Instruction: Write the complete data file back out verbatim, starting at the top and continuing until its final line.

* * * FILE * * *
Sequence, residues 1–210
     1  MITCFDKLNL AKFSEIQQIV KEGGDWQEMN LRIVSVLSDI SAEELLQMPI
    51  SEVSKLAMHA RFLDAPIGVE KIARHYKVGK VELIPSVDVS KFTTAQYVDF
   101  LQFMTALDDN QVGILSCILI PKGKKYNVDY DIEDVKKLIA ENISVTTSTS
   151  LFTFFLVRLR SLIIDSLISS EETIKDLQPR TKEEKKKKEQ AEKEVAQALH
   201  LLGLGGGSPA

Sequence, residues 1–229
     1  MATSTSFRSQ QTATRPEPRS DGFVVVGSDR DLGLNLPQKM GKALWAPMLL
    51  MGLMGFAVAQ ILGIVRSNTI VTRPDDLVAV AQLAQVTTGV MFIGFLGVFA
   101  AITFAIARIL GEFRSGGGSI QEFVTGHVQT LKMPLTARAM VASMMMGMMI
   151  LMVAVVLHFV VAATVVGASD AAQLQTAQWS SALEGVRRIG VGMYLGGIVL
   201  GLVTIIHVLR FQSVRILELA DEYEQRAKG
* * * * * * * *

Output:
Sequence, residues 1–210
     1  MITCFDKLNL AKFSEIQQIV KEGGDWQEMN LRIVSVLSDI SAEELLQMPI
    51  SEVSKLAMHA RFLDAPIGVE KIARHYKVGK VELIPSVDVS KFTTAQYVDF
   101  LQFMTALDDN QVGILSCILI PKGKKYNVDY DIEDVKKLIA ENISVTTSTS
   151  LFTFFLVRLR SLIIDSLISS EETIKDLQPR TKEEKKKKEQ AEKEVAQALH
   201  LLGLGGGSPA

Sequence, residues 1–229
     1  MATSTSFRSQ QTATRPEPRS DGFVVVGSDR DLGLNLPQKM GKALWAPMLL
    51  MGLMGFAVAQ ILGIVRSNTI VTRPDDLVAV AQLAQVTTGV MFIGFLGVFA
   101  AITFAIARIL GEFRSGGGSI QEFVTGHVQT LKMPLTARAM VASMMMGMMI
   151  LMVAVVLHFV VAATVVGASD AAQLQTAQWS SALEGVRRIG VGMYLGGIVL
   201  GLVTIIHVLR FQSVRILELA DEYEQRAKG